Influence of rolling texture on near-threshold crack extension behavior in aluminum alloy EN AW-6082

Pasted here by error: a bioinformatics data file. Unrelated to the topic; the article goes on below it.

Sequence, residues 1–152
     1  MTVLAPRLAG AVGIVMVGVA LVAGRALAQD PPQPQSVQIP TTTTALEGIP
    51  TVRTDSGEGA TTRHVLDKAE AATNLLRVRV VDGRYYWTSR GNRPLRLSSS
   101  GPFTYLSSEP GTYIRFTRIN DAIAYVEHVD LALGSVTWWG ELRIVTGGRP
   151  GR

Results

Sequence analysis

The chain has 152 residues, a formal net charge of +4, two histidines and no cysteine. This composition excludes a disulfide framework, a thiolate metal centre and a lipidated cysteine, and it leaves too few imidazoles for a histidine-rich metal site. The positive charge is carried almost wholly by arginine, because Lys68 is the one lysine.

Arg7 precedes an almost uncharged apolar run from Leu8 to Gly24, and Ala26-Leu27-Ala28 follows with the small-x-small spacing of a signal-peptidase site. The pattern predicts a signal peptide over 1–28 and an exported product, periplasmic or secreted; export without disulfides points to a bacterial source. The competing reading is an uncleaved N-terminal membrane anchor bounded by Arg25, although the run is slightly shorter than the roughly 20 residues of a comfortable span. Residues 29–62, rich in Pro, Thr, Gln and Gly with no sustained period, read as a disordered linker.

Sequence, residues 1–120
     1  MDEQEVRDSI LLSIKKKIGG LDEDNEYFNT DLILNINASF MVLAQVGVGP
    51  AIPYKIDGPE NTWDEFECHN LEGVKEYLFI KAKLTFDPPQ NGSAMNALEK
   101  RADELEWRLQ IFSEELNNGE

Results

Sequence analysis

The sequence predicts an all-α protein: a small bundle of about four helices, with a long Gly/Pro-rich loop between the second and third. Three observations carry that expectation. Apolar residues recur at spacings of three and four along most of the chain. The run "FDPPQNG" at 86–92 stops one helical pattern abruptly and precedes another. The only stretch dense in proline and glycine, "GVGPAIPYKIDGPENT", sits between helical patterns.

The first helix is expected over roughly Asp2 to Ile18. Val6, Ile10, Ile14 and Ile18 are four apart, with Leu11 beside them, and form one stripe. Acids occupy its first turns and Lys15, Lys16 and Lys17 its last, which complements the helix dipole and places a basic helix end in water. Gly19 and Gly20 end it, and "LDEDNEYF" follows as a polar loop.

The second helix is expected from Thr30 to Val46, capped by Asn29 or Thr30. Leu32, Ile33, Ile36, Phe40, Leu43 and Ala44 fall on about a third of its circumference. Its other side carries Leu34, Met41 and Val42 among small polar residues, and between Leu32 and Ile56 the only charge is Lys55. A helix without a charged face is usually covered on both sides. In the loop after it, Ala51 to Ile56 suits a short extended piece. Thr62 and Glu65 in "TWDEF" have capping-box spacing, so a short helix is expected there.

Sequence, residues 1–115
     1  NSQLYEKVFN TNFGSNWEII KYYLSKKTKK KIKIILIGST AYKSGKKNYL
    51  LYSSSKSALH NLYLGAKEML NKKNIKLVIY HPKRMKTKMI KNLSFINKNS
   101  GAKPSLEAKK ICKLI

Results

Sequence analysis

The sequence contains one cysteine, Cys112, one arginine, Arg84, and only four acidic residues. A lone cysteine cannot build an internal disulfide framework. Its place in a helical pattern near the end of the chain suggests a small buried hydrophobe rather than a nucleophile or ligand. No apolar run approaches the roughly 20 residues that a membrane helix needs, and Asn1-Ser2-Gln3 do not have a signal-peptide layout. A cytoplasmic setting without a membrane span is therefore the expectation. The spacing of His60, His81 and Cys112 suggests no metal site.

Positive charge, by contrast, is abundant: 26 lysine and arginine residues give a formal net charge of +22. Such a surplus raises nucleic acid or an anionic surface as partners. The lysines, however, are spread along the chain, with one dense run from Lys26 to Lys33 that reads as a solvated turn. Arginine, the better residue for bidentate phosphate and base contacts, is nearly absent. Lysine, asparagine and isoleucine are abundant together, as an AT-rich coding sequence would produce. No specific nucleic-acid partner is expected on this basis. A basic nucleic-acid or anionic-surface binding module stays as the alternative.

The near-threshold crack extension mechanisms of long cracks in a commercial aluminum alloy in peak-aged and overaged condition were evaluated at a stress ratio of R = −1. Tests were performed both in a conventional resonant testing machine, using flat dog-bone specimens with through-wall cracks and on an ultrasonic fatigue testing system using hourglass-shaped samples with surface cracks. After introducing the initial crack, the crack was propagated at a nominally constant Kmax with values in the range of the initially determined threshold. The primary precipitates were found to act as microstructural barriers causing a local pinning of the crack front independent of the testing procedure and hence keeping the crack from extending continuously. This effect depends on the orientation of the initial crack with respect to the rolling texture which, in turn, determines the spatial distribution of the primary precipitates and the grain morphology. Overaging had a tendency to enhance the pinning potential of the primary precipitates.